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Ovid (2709)

Ovid
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Stuff with the Perl Foundation. A couple of patches in the Perl core. A few CPAN modules. That about sums it up.

Journal of Ovid (2709)

Sunday September 26, 2004
01:43 PM

Running Squeak

[ #21058 ]

It's been a frustrating day trying to get Squeak up and running. One site had archives that I couldn't unpack. Another one had an "all in one" bundle that was a piece of cake to install. Unfortunately, I have to run inisqueak to create my image and it didn't seem to include that. After a bit of playing around, I created a $HOME/.squeak directory, copied Squeak3.7-5989-full.changes, Squeak3.7-5989-full.image and SqueakV3.sources over there, set my SQUEAK_IMAGE environment variable to point to an image file there and successfully ran Squeak. The main window has a variety of different screenshots(?) that I can zoom into and play with and some information that will probably prove useful, though it's a bit of a strange world for me.

It appears that to actually get to write code, I need to expand the System Browser window but Squeak is not automatically opening to that right away. I think that's right, but I'm not sure. I don't know if the image file I copied to the .squeak directory is not the one I wanted. I hover the mouse over various "things" and not all of them have tools tips.

After a bit of playing around and reading through a Squeak tutorial, I created various tiny methods and one of them looked like this:

hello: times say: text
    (times > 100)
        ifTrue: [ Transcript show: 'You will get bored!']
        ifFalse: [1 to: times do: [:i | (Transcript show: text) cr]]

Which can be invoked as:

Object new hello: 5 say: 'This is cool'

I now think I understand the lack of if statements (I'm sure my terminology is off.) The (times > 100) expression constructs a boolean objects which understands the message ifTrue:ifFalse:. Since everything is an object and you send messages to them, a bare if hanging out there would not fit the language design.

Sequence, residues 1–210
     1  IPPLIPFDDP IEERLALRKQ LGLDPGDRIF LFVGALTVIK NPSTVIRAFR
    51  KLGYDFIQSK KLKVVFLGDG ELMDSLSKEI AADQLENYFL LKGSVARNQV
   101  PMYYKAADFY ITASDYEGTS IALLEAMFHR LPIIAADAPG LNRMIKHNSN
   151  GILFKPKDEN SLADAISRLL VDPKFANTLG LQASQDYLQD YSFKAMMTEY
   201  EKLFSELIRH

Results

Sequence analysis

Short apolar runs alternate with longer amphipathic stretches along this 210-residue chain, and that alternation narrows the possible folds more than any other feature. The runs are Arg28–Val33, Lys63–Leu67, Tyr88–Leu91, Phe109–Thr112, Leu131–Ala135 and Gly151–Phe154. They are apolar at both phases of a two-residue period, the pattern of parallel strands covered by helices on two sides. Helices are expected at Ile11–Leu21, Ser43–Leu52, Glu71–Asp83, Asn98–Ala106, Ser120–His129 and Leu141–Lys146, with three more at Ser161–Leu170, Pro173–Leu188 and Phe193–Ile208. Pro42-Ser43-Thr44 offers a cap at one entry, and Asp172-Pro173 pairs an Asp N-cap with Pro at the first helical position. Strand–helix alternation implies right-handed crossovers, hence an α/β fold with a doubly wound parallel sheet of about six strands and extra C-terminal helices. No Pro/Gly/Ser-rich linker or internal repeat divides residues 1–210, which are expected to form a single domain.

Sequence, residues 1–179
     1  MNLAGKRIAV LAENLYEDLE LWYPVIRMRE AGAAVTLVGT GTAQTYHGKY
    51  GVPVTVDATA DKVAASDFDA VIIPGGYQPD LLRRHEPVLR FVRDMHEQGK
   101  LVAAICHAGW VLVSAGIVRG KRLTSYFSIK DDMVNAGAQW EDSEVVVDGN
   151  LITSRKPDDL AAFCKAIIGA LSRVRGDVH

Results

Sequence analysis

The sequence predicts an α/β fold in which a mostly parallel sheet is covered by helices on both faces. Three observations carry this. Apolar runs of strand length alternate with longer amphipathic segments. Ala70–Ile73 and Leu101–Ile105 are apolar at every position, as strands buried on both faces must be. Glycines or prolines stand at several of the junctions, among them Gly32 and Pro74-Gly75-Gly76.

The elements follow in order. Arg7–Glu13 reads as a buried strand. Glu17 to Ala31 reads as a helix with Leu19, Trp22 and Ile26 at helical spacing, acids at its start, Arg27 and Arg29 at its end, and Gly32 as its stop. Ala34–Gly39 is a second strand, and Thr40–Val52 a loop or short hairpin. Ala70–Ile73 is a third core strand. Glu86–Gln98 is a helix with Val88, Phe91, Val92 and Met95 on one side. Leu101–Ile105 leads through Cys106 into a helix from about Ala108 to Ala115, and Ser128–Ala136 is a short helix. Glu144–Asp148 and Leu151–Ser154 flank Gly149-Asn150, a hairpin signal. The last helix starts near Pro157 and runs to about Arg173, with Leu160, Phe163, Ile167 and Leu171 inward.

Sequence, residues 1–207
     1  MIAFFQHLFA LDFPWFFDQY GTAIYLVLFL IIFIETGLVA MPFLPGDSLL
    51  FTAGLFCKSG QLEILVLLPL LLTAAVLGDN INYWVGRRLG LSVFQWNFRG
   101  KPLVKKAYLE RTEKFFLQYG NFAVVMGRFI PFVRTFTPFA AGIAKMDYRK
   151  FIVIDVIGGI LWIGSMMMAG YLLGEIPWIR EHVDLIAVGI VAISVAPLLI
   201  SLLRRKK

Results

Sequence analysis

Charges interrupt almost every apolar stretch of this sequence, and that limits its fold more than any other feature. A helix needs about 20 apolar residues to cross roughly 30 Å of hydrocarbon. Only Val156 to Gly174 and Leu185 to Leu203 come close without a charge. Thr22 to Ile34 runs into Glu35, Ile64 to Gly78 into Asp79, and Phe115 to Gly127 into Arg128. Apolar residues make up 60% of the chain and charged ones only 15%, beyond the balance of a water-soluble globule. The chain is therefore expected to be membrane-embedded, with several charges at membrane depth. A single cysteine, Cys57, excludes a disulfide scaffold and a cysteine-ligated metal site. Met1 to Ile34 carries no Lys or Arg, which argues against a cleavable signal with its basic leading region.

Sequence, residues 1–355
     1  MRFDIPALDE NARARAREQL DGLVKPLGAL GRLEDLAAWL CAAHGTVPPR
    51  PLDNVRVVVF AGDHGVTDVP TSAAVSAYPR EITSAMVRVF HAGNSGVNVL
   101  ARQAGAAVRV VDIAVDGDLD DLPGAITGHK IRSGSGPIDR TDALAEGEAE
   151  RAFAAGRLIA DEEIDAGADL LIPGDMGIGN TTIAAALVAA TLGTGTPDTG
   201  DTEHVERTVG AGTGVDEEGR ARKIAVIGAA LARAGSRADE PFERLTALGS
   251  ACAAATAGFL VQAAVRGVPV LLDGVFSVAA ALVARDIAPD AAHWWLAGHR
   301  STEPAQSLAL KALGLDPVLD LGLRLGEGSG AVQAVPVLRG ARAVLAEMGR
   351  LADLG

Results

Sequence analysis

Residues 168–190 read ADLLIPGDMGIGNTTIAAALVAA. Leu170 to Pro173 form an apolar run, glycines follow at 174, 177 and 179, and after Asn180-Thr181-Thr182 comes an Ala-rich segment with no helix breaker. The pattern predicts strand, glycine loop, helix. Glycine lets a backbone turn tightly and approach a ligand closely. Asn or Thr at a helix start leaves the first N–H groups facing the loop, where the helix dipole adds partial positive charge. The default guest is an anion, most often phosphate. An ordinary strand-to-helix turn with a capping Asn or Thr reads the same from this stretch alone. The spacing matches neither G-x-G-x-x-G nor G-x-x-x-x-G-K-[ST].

So how does the loop work? The number 1 (one) creates an integer object which understands the to:do: message. This is very cool, but I'll admit that it's a bit strange to me. I look forward to more play, but tuit reclamation is proceeding, as always, slowly.

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  • Sometimes during a Perl class, I like to jerk the chains of the Java people who like to play OO-purist.

    I ask them "What methods can you call on 1?". They look at me dumbly for a bit. Sometimes they say something about creating a new object, and I have to reinforce the statement: "No, all you get is 1. What methods can you call on it?"

    It ends up the same: "I guess Java isn't an object oriented language then."
    • That's a classic example of people misunderstanding the terminology. Even my brief exposure to Squeak is showing me more. While I'm unsure of the process by which (foo > 5) creates a Boolean object in Squeak, it's now clear how the ifTrue:ifFalse messages work and why the traditional if/else statements are procedural in nature. It's not clear to me if mixing a bit of procedural code with OO code is bad, but then, I'm still exploring this. I suspect that the pure OO approach has benefits that get arou

      • The object to which methods are sent is always the left one. There are no prefix operators. Everything is left to right. So, in

        foo > 5

        you'd look for a greather-than binary message in the class (and superclasses) of value currently held in the foo variable. If it was:

        5 < foo

        you'd look for a less-than binary message in the class of 5 and its superclasses. Yes, a wacked-out system could make those do different things, but "with great power comes great responsibility".

        --
        • Randal L. Schwartz
        • Stonehenge
  • Now I am wanting to test the Smalltalk waters! Thanks guys. :-)
  • gets the method calling syntax! It took me a while to wrap my head around it, but it's kind of useful because it helps from having a long, incongruous list of positional parameters.
    --
    "Perl users are the Greatful Dead fans of computer science." --slashdot comment